IV. Participants in Governance

Participatory governance provides a forum for open discussion between all constituencies: employees and students, both full-time and part-time. Ideally, through our shared system, all members of Brookdale will have a voice in influencing what happens at our College. All Brookdale students and employees are encouraged to share their concerns at collegewide forums, in open committee meetings, or with Steering. Collegewide forums provide an informal space for timely issues to be discussed; they also provide a formal space for committees to initiate discussion and seek feedback on proposed recommendations. Official membership and voting privileges on committees are designated according to constituency to allow a representative balance of voices. To learn more about Governance and its elected leaders (Steering members and committee chairs) for the current academic year, please refer to the BrookdaleShare intranet.


V. History

At Brookdale, participatory governance began in the 1970s and functioned continuously until 1989, when it was succeeded by a representative senate, which lasted several years. In a 1994 issue of Podium, professors Anthony Snyder (History) and Ronald Sopenoff (Sociology), both of whom were involved in the creation of a senate intended to represent the voices of faculty, confessed their concern that a “representative style of governance would perpetuate conflicts between faculty and administration and that a participatory model could best overcome this.” Thus, our current system of governance at Brookdale was born. In this participatory system “each constituency was to have a relevant and meaningful place in the process of governance where appropriate and truly important issues, rather than marginal or trivial ones, will be brought before the various segments of the system” (1994).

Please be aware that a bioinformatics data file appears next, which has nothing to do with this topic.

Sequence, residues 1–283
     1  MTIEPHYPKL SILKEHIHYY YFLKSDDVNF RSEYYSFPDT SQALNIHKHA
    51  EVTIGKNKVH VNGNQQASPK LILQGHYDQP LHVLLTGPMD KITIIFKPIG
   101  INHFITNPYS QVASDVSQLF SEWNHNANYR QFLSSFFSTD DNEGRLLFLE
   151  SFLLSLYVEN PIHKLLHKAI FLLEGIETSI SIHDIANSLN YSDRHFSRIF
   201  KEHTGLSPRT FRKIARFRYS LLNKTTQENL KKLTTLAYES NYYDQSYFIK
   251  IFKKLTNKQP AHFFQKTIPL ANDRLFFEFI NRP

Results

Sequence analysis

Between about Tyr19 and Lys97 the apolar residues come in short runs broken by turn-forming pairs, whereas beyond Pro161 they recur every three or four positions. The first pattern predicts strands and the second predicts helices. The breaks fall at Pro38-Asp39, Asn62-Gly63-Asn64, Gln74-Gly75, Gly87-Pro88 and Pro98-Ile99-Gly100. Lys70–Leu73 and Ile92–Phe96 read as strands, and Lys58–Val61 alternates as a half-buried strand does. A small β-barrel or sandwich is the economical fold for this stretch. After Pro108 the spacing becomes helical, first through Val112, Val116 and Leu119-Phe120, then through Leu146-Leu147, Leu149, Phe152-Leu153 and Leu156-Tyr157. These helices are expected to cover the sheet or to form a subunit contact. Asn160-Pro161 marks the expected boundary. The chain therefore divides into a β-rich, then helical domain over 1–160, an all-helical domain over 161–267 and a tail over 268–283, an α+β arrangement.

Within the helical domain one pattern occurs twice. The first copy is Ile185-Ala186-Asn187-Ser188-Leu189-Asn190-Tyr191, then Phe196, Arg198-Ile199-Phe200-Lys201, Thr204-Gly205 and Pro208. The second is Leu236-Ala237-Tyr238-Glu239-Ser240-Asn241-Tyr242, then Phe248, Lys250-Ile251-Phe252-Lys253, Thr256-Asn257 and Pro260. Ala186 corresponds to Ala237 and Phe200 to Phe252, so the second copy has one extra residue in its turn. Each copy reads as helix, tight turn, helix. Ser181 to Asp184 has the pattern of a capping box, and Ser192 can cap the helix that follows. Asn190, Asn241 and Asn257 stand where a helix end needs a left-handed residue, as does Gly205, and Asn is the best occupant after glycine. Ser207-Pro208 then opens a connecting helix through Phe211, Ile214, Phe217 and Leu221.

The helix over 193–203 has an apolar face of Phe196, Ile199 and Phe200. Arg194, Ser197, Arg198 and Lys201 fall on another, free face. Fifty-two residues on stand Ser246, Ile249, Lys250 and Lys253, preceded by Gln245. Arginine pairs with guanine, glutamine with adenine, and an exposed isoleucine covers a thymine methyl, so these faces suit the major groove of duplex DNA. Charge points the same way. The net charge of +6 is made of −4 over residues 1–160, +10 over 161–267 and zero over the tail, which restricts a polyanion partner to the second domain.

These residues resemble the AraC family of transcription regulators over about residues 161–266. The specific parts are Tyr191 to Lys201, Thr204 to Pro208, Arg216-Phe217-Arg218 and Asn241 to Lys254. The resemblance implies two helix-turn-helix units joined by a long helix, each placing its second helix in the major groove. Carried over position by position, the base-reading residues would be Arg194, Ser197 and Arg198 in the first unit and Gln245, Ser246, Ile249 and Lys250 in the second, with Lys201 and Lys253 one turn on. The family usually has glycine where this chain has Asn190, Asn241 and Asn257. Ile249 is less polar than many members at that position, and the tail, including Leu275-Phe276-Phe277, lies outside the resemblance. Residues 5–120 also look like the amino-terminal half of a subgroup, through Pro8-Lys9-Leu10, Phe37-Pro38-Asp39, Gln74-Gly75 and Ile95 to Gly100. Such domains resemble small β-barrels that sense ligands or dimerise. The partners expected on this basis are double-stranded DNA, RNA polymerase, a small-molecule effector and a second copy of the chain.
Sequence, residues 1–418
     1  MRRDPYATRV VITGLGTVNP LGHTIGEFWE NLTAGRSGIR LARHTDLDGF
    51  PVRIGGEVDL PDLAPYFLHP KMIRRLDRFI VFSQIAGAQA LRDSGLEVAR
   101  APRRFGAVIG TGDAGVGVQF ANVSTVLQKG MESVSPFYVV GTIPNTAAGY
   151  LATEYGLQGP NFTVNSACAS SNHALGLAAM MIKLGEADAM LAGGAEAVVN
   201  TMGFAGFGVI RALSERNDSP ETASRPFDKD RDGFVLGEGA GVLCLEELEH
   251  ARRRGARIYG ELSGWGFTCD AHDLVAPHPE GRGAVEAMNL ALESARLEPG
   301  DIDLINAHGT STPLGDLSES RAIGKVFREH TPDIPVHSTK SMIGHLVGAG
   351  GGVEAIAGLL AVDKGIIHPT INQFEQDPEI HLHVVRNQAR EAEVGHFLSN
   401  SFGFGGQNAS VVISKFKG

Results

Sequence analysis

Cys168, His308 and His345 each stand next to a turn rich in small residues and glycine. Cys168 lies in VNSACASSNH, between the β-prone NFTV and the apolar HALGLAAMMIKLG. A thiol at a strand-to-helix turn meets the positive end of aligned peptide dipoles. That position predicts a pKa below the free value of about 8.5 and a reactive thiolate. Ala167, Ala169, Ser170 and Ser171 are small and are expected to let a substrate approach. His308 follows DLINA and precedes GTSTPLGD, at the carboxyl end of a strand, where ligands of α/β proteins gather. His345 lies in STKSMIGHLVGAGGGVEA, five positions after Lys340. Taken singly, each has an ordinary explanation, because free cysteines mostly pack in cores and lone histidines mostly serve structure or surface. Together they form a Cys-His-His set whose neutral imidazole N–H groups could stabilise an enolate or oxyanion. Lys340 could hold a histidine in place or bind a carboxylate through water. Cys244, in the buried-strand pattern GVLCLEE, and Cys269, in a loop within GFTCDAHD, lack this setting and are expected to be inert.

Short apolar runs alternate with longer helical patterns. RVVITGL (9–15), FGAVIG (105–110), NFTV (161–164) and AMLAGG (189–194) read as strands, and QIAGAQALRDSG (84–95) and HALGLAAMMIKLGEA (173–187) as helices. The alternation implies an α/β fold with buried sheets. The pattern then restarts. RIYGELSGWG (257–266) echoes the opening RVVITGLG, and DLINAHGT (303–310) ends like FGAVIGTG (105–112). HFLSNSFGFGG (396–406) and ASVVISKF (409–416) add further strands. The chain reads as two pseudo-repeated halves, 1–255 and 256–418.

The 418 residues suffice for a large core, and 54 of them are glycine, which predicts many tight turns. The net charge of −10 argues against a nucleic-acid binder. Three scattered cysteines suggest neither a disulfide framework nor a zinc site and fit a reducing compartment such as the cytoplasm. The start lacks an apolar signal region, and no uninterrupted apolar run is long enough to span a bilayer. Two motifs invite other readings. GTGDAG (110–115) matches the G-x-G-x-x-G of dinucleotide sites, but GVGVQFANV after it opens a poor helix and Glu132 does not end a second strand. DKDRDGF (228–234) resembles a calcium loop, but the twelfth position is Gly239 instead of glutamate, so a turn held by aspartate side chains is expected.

In 2013, Dr. David Stout (then a faculty member in Psychology) reflected on the history of Governance at Brookdale in the September Governance Gazette: “Core principles of [our original] participatory governance system included the right and responsibility of parties affected by Brookdale’s policies to shape these policies; inclusion of all who wish to participate in the development, recommendation, and review of these policies and regulations; open and honest communication; and accountability for recommendations. However, Brookdale has encountered an incredible amount of change since [the founding of Governance]” (2013). Dr. Stout, acting as the chair of Governance, then posed these questions: “Has Governance adapted to [institutional] changes? Are the principles of participatory governance still relevant? Are participants encouraged to express their thoughts in an open, honest, and collegial environment? Are all interested parties truly able to participate, regardless of their job function or location? Are the current structures effective? Are the outcomes meaningful?” (2013).